I received this book for free from Tasty Book Tours in exchange for an honest review. This does not affect my opinion of the book or the content of my review.
Series: The Untouchables #2
Published by indie author on July 5, 2016
Genres: Historical Romance, Romance
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Miss Lucinda Parnell is out of money, a dismal failure at the Marriage Mart, and she’d just as soon leave Society far behind. Desperate to earn funds to retire with her grandmother to the country, Lucy disguises herself as a man to gamble in London’s hells. But the Earl of Dartford, an Untouchable she never imagined speaking to let alone spending time with, is onto her in a trice. When he insists on joining her, Lucy fears her desire to remain an independent woman is destined to go up on flames.
As a boy, Andrew Wentworth, Earl of Dartford lost his family to illness, leaving him a hollow shell. Obsessed with conquering one adventure after another to fill the bitter holes inside of him, Andrew has set his sights on parachuting. Nothing will stop him from trying to achieve his goal—not the hazard of death and certainly not a woman who’s gotten far too close. Love is the one risk he doesn’t have the heart to dare.
After reading book 1 of Darcy Burke’s The Untouchables series, The Forbidden Duke, I was curious to see how succeeding books in the series would go, so when I got the chance to review The Duke of Daring, book 2, I took it.
I went into the read with some concern; in my review of the first book, I mentioned that I felt that the scene in which the heroines, present and future, labeled the rakish lords with various sobriquets felt too contrived. On this point, I was immediately put to rest, as the manner in which the Earl of Dartford’s nickname is brought into the story is much more natural and even amusing.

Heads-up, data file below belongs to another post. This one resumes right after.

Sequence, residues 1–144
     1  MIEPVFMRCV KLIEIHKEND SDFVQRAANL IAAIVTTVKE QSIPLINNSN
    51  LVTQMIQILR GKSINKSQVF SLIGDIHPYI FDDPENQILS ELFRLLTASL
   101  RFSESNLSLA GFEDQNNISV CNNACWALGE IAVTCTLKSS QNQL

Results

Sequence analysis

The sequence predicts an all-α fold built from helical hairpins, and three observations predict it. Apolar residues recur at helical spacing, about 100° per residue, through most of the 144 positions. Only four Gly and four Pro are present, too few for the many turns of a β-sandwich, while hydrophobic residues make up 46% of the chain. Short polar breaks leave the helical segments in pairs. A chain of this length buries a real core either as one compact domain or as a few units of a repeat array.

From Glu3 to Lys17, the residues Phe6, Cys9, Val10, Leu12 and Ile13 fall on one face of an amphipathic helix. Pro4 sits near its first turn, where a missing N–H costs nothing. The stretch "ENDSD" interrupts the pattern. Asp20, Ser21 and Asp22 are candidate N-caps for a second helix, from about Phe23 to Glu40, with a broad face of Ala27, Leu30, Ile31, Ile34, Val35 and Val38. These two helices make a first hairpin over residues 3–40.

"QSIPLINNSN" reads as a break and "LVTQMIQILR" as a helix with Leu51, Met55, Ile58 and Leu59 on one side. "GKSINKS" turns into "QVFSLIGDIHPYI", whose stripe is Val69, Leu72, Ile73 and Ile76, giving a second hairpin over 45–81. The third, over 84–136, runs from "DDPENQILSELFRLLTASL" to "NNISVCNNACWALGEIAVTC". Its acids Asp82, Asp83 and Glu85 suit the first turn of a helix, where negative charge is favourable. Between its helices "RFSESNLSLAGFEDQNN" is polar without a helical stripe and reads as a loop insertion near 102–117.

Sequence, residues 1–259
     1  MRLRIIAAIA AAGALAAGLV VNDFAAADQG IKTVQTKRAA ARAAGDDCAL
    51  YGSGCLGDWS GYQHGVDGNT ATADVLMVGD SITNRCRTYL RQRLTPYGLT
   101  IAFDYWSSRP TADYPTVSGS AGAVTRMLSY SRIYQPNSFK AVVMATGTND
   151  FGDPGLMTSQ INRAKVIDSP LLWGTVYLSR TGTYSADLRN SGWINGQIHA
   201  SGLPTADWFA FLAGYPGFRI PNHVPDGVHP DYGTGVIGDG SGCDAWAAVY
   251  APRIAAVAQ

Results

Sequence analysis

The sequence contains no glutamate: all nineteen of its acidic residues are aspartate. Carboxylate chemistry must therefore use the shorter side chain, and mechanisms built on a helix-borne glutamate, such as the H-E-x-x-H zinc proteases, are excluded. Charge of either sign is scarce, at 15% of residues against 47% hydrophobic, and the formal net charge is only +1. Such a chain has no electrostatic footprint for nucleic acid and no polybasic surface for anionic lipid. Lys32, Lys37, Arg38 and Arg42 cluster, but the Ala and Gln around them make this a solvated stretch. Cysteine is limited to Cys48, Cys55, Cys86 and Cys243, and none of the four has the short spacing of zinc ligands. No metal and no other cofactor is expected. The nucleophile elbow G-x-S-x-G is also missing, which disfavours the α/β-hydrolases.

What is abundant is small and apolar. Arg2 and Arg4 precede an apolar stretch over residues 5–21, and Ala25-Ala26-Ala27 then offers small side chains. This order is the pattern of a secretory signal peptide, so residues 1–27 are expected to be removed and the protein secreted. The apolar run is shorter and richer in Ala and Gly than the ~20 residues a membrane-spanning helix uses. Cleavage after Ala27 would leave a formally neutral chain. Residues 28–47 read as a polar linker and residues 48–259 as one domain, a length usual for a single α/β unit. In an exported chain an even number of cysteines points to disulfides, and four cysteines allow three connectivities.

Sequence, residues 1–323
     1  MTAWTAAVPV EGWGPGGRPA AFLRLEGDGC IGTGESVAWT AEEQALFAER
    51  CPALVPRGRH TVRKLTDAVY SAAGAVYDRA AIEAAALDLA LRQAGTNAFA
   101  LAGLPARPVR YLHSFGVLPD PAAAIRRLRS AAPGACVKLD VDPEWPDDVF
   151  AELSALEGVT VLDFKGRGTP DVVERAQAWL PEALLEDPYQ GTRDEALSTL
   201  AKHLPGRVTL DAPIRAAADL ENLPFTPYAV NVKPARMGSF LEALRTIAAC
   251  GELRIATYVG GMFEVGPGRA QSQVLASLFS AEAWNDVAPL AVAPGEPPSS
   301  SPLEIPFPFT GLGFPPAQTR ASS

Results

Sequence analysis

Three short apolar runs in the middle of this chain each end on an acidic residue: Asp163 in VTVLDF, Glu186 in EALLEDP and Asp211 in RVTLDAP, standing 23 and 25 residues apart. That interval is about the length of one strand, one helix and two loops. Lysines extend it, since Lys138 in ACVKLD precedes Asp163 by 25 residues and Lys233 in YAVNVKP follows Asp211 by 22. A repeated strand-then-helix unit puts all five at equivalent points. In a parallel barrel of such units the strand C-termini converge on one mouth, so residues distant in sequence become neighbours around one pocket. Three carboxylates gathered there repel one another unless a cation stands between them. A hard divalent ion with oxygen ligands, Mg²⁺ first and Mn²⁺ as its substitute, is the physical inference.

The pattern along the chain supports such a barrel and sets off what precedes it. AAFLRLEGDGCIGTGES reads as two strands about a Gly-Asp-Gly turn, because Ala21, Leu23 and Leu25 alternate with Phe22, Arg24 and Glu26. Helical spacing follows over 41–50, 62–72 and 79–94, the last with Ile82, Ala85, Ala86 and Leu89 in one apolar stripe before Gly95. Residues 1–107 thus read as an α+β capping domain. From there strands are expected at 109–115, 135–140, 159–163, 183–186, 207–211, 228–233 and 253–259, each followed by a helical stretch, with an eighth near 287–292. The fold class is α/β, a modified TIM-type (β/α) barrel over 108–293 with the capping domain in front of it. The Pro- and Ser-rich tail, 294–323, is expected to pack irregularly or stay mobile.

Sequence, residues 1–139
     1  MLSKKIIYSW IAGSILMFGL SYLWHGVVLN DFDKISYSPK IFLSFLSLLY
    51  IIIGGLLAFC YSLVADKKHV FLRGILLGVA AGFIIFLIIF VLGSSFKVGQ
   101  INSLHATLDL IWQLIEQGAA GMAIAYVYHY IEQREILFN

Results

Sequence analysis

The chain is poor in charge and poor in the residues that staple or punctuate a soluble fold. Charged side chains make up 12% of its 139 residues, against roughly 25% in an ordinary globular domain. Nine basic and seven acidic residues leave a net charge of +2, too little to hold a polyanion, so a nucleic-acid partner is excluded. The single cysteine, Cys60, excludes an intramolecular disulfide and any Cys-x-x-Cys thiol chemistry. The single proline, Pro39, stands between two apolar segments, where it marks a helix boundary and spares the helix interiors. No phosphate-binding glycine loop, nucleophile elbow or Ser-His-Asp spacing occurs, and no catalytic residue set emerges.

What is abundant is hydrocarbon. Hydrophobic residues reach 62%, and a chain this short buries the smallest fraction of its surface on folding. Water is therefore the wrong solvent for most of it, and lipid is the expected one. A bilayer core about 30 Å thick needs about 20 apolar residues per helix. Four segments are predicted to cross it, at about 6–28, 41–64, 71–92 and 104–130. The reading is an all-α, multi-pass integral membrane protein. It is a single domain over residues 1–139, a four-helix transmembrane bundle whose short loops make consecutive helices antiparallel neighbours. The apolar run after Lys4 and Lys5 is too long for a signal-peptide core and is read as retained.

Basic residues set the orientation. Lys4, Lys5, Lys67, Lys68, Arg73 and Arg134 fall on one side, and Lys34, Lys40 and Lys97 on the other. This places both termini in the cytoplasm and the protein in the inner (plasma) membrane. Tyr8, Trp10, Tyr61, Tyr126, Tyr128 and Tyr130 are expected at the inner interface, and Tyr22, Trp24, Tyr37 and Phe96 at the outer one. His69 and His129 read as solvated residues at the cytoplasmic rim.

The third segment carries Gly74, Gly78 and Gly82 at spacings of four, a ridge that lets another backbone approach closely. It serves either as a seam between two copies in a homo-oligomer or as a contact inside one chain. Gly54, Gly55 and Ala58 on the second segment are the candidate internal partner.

This may of course be because of the earl’s sense of humor and willingness to laugh at himself. Indeed, Andrew Wentworth, Earl or Dartford, is a man who doesn’t take himself very seriously, and it’s one of his more charming traits. Beyond that, he has a marked sense of honor, even if he won’t admit to it. But he lives like he’s got a death wish, thanks to the youthful trauma that leaves him unwilling to love or, indeed, to live his life to its full potential. At times, this stubborn refusal to see all he has to live for is a touch annoying, but I guess a hero has to have some flaws, and this is Andrew’s.
He meets Lucy, a notorious wallflower, when he discovers her ruse—she’s dressed as a man and playing cards at a gaming hell. Which says a lot about her character right there; she’s spunky and daring and willing to flout convention in order to achieve her goals. I had to admire her spirit, but again, if we’re going to name a fatal flaw, Lucy has one of her own: she doesn’t seem particularly savvy to the danger her charade puts her in, and she takes unnecessary risks just to prove she can handle herself. This would’ve been charming had she actually managed it, but as Dartford had to help her out of the situation, it came off as bravado.
Yet Lucy’s motivations go beyond swanning about London’s hells for the thrill of it. She’s doing it out of love of family and a desire to hold on to her independence, and she’s doing it because she refuses to settle into marrying anyone who’ll take her without a dowry. Dartford, on the other hand, lives up to his nickname because he refuses to plan out the rest of his life or, indeed, to commit to harboring affection for anyone, even a loyal servant—he hires and fires them like clockwork. Yet the difference in their situations and attitudes underscores what they can teach each other. Andrew learns to love and to really live again, while Lucy learns it’s all right to lean on another person once in a while.
This love story mightn’t be the most unique, but the chemistry and eventual commitment between the two main characters is definitely believable, and it should prove a diverting read for anyone into Regency romance.
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